It is clear; however, where Miller's politics lie. Not surprisingly, a man who worked for the Wall Street Journal and graduated from Cambridge does not have a lot of lo...more
Alex Jutila
Quick Review: Scott Miller is a fucking idiot.

Long Review:
Wow, what a nightmare of a historical narrative. Asides from being blatantly biased, Scott Miller really did his best to give the most distorted view of anarchism available in paperback. Chapter Five, "The Government is Best Which Governs the Least", takes the cake. In the last pages of this chapter, Scott Miller offers us his view of the history of anarchism. This mostly breaks down to ol' Josiah Warren and his commune. Miller doesn't bo...more
Steven Z.
If you are a fan of narrative history that is well written and provides an engaging story with a tinge of analysis then Scott Miller’s THE PRESIDENT AND THE ASSASSIN should be of interest. Miller has written a dual socio-political biography of William McKinley through his assassination in 1901, and the development of anarchism in the United States zeroing in on Leon Czologosz, McKinley’s assassin, and other anarchists including Emma Goldman. As you read the book many comparisons to contemporary...more
Matthew Hunter
Absolutely fantastic! Miller tells the parallel stories of President McKinley and his anarchist assassin Leon Czolgosz. Teddy Roosevelt, Emma Goldman, Andrew Carnegie, Johann Most, William Jennings Bryan and many other important figures make appearances in this drama. Throughout my reading of the book, I was struck by how little I knew about turn of the century America and the McKinley presidency. Why is that? The Spanish-American War, occupations of the Phillipines, Guam, Cuba, the dawn of US i...more
Jason
Very comprehensive. Ostensibly the story of President McKinley's assassination, the book is pretty wide ranging: covering the history of anarchist philosophy in Europe and the US, American expansion into the Pacific and the Caribbean, the Spanish American War, the American labor movement and the evolution of the Republican party from slave liberators to the pro-industry party of the rich. In this respect, it's one of the more valuable and readable popular history books I've read in some time.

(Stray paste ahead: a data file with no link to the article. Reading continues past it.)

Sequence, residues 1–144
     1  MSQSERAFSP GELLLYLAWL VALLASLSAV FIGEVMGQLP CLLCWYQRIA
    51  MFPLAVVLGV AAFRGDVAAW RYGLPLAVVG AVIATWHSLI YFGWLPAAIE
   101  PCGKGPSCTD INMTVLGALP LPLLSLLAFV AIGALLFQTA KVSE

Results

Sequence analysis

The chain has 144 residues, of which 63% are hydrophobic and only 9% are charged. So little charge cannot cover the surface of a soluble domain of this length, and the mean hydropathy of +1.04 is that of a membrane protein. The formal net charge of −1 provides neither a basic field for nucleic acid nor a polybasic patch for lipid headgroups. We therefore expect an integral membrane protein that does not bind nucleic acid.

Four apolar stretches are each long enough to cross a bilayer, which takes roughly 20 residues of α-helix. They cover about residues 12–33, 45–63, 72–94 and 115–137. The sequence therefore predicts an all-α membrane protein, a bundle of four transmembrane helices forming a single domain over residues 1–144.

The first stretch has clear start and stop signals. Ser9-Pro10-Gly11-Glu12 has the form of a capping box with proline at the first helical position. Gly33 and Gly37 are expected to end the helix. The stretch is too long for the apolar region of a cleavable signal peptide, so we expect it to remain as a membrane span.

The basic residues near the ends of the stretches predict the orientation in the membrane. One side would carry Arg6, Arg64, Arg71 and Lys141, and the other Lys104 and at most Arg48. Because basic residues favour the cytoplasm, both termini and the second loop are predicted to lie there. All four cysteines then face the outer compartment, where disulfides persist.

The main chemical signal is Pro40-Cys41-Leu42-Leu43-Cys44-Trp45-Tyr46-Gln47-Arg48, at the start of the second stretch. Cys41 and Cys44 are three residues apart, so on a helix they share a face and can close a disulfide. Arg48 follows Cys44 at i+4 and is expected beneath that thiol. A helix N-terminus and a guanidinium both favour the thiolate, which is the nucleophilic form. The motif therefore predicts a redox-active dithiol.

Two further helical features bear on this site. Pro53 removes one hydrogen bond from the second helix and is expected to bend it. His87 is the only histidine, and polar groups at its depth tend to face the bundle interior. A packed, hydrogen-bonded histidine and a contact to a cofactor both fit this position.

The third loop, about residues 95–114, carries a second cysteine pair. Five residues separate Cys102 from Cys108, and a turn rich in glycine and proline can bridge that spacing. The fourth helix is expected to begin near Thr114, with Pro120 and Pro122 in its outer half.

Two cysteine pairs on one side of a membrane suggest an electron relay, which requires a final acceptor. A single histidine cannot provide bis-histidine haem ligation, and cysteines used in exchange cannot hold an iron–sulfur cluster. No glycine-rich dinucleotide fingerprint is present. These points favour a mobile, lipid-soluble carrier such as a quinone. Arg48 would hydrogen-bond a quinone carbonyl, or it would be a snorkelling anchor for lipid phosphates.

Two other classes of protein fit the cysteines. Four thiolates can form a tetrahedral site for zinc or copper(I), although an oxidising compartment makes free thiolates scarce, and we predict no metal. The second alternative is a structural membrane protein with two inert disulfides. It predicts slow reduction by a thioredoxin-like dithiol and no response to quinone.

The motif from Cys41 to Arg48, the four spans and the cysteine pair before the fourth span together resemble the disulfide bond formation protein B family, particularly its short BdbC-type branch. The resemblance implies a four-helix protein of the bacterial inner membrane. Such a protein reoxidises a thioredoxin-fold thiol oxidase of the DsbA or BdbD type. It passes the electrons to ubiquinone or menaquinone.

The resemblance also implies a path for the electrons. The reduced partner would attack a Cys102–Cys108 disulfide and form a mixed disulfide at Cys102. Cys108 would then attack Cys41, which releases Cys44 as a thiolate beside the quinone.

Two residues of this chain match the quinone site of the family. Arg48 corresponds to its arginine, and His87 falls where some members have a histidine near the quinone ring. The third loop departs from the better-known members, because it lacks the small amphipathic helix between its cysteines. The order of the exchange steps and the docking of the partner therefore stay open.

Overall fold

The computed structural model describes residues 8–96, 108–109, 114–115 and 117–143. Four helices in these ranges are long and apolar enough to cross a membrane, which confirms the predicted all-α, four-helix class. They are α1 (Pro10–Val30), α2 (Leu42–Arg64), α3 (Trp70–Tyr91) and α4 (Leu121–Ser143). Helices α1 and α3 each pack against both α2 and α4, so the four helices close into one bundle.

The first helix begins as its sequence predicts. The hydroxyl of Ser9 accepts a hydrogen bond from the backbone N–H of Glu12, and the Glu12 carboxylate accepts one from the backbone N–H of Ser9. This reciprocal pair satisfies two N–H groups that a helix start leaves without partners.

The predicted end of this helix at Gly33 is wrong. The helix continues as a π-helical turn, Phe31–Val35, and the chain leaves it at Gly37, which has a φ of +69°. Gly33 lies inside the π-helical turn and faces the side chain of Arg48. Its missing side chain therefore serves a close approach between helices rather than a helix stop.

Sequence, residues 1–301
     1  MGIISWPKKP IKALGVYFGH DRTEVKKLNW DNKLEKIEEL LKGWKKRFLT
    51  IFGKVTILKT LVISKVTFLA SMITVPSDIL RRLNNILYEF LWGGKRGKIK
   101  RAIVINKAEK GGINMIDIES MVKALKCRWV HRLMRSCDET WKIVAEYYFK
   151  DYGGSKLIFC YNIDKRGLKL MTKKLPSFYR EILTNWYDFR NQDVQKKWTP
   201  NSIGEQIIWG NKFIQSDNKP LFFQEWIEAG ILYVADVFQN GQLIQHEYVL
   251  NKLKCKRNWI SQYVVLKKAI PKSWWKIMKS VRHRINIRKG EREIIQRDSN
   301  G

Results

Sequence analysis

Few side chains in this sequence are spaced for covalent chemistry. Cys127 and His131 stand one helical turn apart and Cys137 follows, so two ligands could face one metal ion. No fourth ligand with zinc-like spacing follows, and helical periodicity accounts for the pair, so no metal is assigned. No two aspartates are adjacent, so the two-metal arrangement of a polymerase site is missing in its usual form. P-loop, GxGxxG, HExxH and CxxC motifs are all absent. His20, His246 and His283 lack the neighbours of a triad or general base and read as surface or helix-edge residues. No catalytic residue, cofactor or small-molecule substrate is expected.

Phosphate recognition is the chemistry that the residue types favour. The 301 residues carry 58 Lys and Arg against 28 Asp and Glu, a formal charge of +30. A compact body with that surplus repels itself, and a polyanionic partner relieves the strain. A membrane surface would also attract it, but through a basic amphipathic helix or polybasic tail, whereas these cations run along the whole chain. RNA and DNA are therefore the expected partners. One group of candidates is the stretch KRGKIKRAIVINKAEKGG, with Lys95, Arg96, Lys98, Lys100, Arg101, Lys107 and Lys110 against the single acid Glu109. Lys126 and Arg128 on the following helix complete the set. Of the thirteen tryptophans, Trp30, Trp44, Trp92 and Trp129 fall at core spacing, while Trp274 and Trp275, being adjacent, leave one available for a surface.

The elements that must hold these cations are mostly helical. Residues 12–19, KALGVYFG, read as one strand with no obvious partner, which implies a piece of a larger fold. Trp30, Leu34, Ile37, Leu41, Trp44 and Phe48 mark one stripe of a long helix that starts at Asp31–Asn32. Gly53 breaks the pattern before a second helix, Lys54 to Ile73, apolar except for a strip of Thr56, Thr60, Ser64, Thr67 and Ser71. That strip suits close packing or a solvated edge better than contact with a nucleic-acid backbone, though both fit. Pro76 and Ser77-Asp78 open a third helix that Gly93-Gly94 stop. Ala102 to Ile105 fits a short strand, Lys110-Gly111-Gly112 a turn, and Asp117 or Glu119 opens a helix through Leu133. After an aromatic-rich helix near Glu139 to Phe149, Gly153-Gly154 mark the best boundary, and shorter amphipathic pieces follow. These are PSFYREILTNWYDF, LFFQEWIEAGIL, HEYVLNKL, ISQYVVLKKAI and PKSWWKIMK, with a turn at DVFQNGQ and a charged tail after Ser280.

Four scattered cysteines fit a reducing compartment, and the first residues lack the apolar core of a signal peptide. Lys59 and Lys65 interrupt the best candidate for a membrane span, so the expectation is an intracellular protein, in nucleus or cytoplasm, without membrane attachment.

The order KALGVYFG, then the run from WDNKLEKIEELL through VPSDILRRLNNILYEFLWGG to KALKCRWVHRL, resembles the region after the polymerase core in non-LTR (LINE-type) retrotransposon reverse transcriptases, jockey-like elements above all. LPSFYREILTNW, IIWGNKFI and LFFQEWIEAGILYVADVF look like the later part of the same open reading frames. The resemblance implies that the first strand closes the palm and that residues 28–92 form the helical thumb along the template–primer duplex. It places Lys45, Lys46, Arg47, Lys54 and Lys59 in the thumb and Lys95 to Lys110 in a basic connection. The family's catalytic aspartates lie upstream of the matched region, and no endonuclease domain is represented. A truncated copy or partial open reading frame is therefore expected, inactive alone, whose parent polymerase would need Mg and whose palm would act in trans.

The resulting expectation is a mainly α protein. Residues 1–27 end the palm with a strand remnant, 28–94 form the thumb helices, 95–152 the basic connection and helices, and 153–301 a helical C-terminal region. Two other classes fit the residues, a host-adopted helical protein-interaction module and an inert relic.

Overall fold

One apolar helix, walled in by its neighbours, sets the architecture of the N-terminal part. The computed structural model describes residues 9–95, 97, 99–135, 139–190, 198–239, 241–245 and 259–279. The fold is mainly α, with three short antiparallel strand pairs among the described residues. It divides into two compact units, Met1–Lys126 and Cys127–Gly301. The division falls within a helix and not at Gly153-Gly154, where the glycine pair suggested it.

McK...more
Andi Marquette
I've been really into Gilded Age and early Progressive Era history lately, as I said elsewhere, because of what I consider some parallels between political and social situations then and now.

I didn't know much about President McKinley or the assassin who shot him in September, 1901 (McKinley would die a week after the event), but author Scott Miller sure did enlighten me about that. He's a former Wall Street Journal and Reuters correspondent, so you can be sure that he tells a good story with a...more
Jill Hutchinson
President William McKinley is usually remembered as the President who was assassinated which brought Teddy Roosevelt to the Presidency. Roosevelt's vibrant persona and daring deeds overshadowed the thoughtful McKinley but it was McKinley who began the programs/conquests that Roosevelt carried to fruition (or disaster, depending on your politics). It was a time when America emerged as an industrial powerhouse, spreading influence around the world, usually by armed forces.

This is a dual biography...more
Martin
A big Thank You to the author, Scott Miller, for writing this book!

Objective and very informative (without getting tedious), this book offers a good overview of (and is a great way to learn about) the era of McKinley's presidency (1896-1901), including the Spanish-American War and the annexation of Hawaii. McKinley truly seems to have been a real decent man and a devoted husband.

The author also gives his readers a lot of information on that period's economic & geopolitical contexts, such a...more
Kate